I notice so much more that makes me smile or watch in awe. For example, from my garden I saw a Kestrel flying high in the sky which often glides majestically around our area. Suddenly, a blackbird flew at it and began to attack. It was quite the spectacle, and eventually they both flew their separate ways. I also noticed a tiny wild strawberry growing in our garden which excited my husband and which he quickly took some cuttings from and potted it. 

I’m completely present. While my mind does go at the speed of a mad hamster on a wheel, and I do daydream a lot, I’m so much more present. I’ve been getting ideas much more frequently as well as being available to talk to my family (when I’m not physically off doing some random project or task which happens a lot). 

The craving to take photos and share my life constantly has almost gone. The inner peace that brings is indescribable, like having a weight removed that I didn’t even know was there. 

I don’t feel like I’m missing out at all. Even though I’m not reading the news, I always hear about it from other people or see headlines on the front of newspapers if I go shopping. It’s also much better to have things to talk about with friends and family instead of them already knowing about it through social media. 

I no longer have the automatic urge to reach for my phone. After the first few days that urge completely went away. 

Battery lasts forever! Whereas your typical smartphone lasts a day or so before needing a charge, my Nokia went for a full five days. This took ‘charging anxiety’ away where I was always worried that my phone was going to die on me and always had to remember to put it on charge the night before. 

It’s small and light. I can fit it just about anywhere.

I don’t worry about it getting stolen. Because I’m no longer carrying an expensive phone, I don’t worry about it getting lost or stolen. I can also cheaply replace the battery.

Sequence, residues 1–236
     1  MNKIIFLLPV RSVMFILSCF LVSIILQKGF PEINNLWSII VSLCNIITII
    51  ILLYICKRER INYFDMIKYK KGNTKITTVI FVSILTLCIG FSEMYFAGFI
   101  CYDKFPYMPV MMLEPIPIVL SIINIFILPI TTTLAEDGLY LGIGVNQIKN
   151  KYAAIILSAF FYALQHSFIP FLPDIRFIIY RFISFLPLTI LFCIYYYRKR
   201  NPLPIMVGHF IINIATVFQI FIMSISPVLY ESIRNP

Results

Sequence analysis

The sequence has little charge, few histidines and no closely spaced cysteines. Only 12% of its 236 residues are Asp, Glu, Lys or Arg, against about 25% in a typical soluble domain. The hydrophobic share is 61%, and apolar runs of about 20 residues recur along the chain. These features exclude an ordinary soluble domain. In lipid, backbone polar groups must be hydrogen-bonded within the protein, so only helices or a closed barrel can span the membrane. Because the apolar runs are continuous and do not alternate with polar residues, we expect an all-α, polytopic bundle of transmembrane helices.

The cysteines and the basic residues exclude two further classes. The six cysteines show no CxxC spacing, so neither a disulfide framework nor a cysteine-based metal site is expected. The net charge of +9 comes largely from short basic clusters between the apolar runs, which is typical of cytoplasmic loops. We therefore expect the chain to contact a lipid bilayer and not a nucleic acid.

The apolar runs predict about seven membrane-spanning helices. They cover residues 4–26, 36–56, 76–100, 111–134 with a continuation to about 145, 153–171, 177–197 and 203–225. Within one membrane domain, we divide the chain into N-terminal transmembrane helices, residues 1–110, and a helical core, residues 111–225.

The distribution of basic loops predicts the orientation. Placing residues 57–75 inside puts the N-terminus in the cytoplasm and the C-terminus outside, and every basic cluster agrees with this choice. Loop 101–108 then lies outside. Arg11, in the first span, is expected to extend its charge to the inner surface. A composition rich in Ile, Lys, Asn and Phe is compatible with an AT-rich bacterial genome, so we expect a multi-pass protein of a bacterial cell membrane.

I remember things better when I physically write them down rather than digitally save them. Phones have contributed to The Google Effect where you can’t remember things anymore because that information is readily available with a simple tap. This is pretty terrible because it’s rewiring our brains to be unable to store certain information, and it makes us susceptible to information bias because we haven’t done the research ourselves. 

The Cons

Texting takes a bit longer due to traditional buttons, but I’ve found that I kept my speedy texting skills from the nineties so it’s not really that much of a con for me. 

The internet is torturously slow and looks like the old WAP pages from the nineties. It’s incredibly painful to try and look things up on the go but that’s the whole point. Not having access to that has made me so much more mindful, and I remember things better by physically writing them down rather than saving them from the internet. 

There’s no WhatsApp support. Again, this might be a con for many people, but for me, WhatsApp just seems to demand ‘reply right now!’, even though I never have. I’ve even had people be upset with me in the past because I haven’t shared certain photos through it or haven’t seen their latest picture they shared with me. I don’t like WhatsApp for the reason that it’s as demanding as social media, even if you can turn off read receipts.